• Mexican food stores and carnecerias are generally the best places to find the cheapest avocados; if you're not comfortable with that, buy the big bag of them at Costco and let them ripen in your house.
  • Take advantage of the fact that you can have a glass or 2 of red wine.  Try out Chilean and Argentinean red wines -- generally there are some pretty good offerings at lower prices.
  • Eat out at places where it's not obvious that you're on a diet.  Case-in-point: went to a place where I thought I had slyly ordered a burger without a bun and a side of refried beans and when the plate came, let's just say that there was a lot of white space on it, which made the person sitting with me uncomfortable/embarrassed by what he had ordered because it looked so massive in comparison (note that if I go to that place again, I'll be ordering the double burger without the bun to (1) fill up the plate, and (2) get enough protein).
  • Don't weight yourself.  Your weight bounces around all over the place, especially after cheat days.  Take pictures, use measurements, whatever, but don't count on the scale to give you the true story.  The most telling thing for me is how loose my pants are getting at the waist.
  • Use something to keep track of what your eating and stacking.  I never used to do this, but I'm using PBworks to do this and it's shared with my wife, so she can update her participation as well.  You don't have to be all high-tech, but writing it down makes a difference and creates accountability.
  • If you're going to drink the yerba mate tea, I recommend the chai spice flavor.
  • If you think Starbucks coffee tastes burned (like I do), then get an Americano (that's what the barista told me) -- as long as you don't dump sugar and cream and stuff into it, the Americano works the same way as coffee.  Apparently an Americano is a shot of espresso with water added to it, so the upside is that you can add to the caffeine by adding extra shots, which you can't do with the standard brew.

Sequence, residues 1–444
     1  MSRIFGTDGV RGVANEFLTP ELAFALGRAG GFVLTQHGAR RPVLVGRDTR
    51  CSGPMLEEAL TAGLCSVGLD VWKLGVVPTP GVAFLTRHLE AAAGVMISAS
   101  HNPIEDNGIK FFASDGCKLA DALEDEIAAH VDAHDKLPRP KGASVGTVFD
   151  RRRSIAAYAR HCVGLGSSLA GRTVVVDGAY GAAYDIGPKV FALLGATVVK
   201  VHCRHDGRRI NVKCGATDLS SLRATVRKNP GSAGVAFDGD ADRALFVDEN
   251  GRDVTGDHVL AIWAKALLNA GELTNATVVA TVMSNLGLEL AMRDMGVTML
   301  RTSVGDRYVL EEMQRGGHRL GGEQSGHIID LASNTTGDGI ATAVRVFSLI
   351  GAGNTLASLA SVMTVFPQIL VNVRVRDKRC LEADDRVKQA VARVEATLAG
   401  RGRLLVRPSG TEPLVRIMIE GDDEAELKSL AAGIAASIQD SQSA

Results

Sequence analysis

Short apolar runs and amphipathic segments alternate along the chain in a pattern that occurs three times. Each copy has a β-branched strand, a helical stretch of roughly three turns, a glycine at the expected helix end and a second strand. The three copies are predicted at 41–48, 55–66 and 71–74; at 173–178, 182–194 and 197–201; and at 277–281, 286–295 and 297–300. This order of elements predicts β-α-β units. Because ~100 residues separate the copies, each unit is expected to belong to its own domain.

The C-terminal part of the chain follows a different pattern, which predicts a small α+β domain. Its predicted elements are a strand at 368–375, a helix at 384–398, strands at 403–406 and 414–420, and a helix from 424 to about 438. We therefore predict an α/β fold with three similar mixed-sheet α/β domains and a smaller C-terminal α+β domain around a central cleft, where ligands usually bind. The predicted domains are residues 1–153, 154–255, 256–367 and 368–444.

• Drink lots of water -- I like using 1 liter bottles of SmartWater as my bottled water, and it has potassium in it, which you may find yourself deficient of on this diet, so it's not a bad source for a little extra and Costco frequently has the cases on sale.  If you add lemon to you water it makes you pee a lot more and both this book and others that I have read suggest adding some citrus, especially on your cheat day. 
There are some pretty lively discussions about different 4-Hour Body diet points over on the official website about the book and I encourage you to visit it to get more information, ask questions, etc.  I also recommend checking out for some interesting information about Athletic Greens and general health.